And I mean, which is truly like the kind of stuff I heard as a kid, growing up in the eighties, about condoms. I mean, it just - it doesn't make sense that condoms cause sex and it doesn't make sense that clean needles cause drug use. The reason for needle exchanges, just to be clear is - if you're reusing needles over and over again, first of all, as you said, there, it becomes a vector. I mean, you can get hepatitis, you can get HIV. All kinds of diseases are communicable that way. But also if you have old needles that aren't sharp, it leads to abscesses. It leads to horrible infections. It leads to, frankly, hospital stays, which costs all of us as a society, money to put people in the hospital for weeks for abscesses that - for people who are uninsured.

So even if you're just looking at it from a selfish perspective, it's not a good policy to let people get infected and sick and need long hospital stays, which is truly what happens and where the needle exchange movement emerged out of - was that people were getting very, very sick and being sick didn't deter them from using drugs either. So, there's just absolutely no evidence that denying people access to clean needles and clean drug paraphernalia causes them to stop using drugs because that's just not how addiction works.

Crystal Fincher: [00:23:35] Yeah. It's not a choice at that point. If someone is experiencing addiction, then choice has been removed from the equation and they are experiencing a health issue. And so to simply act like they could choose to stop, or to not care that they can't, and to even get them to a place where that's an option, we need to keep them healthy. It's just, it's just sad.

And to me, I see the connection between this conversation about "Seattle is Dying" and that whole thing, which a lot of people in Seattle can very easily dismiss because the portrait that they're painting of Seattle does not ring true from anyone who lives in the City and is moving about. I mean, it's very disingenuous. They're telling a - it's propaganda. It is not reality. But for people in the suburbs, I don't think people really understand that Seattle is not actually the audience for that. It's the suburbs. And it's people who do not have an immediate experience in Seattle and who they're trying to inoculate against public health guidance. The data that is becoming increasingly clear and conclusive, in a variety of different areas saying, Yes, we have many shared concerns with public health. The health of our neighbor directly impacts us - our immediate health financially. It does. And that helping people instead of criminalizing them is generally the most effective method to deal with most problems that have a health or substance use component.

So, there are people who are very, very interested from the religious right, from the alt-right, and who just see this as a front on their culture war. And that is how they're battling against it. And so this propaganda and scaring people that, Hey, Seattle treated people like humans and look what they got - it's dying. And that is being heard and reacted to in suburbs, and rural areas, and areas outside of Seattle. And it's not a coincidence that we're seeing this kind of backlash. And that we're not just having a conversation about the policies in Seattle today. This is leading to the repeal of long-term, decades-long accepted, uncontroversial issues and practices that now they're using to advance their agenda on the other side, really. So it's just really troubling.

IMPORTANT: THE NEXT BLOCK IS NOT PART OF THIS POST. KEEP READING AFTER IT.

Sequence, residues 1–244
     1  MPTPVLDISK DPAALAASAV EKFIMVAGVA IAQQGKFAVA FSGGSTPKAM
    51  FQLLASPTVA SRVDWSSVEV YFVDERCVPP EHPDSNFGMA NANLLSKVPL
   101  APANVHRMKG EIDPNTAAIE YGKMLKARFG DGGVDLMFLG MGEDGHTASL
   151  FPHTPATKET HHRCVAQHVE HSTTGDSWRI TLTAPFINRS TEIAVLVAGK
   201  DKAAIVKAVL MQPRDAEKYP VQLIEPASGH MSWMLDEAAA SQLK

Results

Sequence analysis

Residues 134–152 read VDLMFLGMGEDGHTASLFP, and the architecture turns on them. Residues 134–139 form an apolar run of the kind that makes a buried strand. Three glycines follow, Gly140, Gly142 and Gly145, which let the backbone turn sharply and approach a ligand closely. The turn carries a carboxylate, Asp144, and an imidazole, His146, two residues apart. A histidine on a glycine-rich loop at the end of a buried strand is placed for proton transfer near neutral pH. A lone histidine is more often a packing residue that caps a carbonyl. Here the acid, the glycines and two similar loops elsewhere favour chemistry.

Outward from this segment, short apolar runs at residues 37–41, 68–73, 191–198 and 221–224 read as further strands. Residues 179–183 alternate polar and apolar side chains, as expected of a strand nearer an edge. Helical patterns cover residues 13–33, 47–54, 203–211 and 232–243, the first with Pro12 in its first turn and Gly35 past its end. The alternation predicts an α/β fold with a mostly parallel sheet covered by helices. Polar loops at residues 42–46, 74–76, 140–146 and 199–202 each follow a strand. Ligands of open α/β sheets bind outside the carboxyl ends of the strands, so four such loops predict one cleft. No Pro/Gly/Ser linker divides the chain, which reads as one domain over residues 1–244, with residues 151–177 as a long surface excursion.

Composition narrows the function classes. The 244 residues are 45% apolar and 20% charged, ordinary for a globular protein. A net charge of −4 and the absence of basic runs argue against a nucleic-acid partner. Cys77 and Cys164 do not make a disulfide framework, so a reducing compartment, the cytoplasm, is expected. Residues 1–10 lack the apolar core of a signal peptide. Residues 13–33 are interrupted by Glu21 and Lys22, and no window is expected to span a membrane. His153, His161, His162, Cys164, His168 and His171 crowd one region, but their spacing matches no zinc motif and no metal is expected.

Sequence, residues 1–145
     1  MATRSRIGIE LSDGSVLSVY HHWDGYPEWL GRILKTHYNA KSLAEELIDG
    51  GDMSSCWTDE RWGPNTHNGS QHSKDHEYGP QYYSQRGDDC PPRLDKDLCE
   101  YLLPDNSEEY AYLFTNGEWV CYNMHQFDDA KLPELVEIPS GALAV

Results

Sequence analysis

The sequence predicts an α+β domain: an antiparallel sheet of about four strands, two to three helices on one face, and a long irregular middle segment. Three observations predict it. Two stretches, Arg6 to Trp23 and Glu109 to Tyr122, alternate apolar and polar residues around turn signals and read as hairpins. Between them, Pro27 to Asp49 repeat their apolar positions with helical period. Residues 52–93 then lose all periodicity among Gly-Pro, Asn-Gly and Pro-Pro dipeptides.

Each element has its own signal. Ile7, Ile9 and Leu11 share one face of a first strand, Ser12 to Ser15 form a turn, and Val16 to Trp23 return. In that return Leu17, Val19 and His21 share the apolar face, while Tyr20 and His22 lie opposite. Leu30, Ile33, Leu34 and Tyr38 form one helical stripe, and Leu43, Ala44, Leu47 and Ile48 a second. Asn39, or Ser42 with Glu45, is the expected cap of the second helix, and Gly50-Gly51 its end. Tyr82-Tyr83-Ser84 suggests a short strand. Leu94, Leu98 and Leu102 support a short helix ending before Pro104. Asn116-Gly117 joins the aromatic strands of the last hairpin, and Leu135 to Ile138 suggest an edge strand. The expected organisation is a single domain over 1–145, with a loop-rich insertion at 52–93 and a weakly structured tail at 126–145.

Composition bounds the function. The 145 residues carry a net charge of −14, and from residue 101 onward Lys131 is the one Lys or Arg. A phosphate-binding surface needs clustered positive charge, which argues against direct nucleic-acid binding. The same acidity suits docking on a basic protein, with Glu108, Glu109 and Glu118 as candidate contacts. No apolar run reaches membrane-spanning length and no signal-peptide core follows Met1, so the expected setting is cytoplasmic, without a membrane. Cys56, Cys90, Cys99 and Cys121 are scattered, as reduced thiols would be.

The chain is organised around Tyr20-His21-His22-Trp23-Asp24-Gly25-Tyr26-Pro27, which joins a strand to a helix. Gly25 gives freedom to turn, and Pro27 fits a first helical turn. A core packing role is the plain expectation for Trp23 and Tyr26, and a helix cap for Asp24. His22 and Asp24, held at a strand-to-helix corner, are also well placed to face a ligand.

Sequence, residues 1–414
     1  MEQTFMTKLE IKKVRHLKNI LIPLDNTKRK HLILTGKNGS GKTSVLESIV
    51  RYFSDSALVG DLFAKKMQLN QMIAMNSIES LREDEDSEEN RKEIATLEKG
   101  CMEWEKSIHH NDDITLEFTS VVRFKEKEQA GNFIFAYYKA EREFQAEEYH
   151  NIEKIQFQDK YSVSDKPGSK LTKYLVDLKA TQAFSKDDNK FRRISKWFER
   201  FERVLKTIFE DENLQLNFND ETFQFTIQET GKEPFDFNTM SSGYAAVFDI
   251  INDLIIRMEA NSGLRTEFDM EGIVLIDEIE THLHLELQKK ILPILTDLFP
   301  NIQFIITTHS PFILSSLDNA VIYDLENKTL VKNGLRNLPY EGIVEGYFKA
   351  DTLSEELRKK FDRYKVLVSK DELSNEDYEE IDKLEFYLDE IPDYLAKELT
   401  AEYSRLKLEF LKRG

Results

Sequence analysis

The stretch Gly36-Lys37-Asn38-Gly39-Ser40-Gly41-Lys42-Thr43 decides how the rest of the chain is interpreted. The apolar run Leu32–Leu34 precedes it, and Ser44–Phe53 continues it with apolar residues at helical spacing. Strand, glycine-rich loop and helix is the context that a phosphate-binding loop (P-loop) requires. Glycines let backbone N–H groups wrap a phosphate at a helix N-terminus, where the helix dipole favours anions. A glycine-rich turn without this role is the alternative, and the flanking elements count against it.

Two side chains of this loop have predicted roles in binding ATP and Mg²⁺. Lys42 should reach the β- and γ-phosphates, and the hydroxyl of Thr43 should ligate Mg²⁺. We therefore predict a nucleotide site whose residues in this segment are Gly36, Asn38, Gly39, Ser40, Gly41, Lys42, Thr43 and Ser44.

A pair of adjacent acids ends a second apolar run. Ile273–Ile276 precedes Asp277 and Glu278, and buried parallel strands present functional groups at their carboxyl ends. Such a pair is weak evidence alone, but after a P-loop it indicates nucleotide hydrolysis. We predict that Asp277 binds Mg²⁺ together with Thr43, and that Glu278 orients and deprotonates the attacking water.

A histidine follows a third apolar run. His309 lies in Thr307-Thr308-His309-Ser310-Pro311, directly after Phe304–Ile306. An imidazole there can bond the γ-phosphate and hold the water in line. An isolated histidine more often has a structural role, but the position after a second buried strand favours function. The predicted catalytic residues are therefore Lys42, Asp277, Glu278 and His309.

Erica Barnett: [00:26:23] Yeah, it'd be nice if people listened to public health experts instead of the testimony of somebody who says they knew one person who used drugs and they responded well to a tough love approach, which is secondhand, anecdotal, and not based in any actual public health data or expertise.

Crystal Fincher: [00:26:44] Not based in any public health data at all. I mean, everything flies in the face of it. This is uncontroversial from a public health perspective. It just was used by people who wanted to advance a social agenda. And who felt that humanizing people was not compatible with that agenda. And treating people like people - like people we care for, and not just not caring if people die. So I hope that we see a change of that. And certainly there are a lot of local elections this year that are going to dramatically influence that conversation. And I hope you all get involved in that wherever you're listening to this from.

There's another issue this week. Looking at the King County Sheriff, the current King County Sheriff, who was elected, but actually will be - the Sheriff is going to transition to an appointed position after a vote last year by voters in King County. But the Sheriff is not having a good time right now. And lots of people from lots of different corners are asking for her resignation. You want to explain why?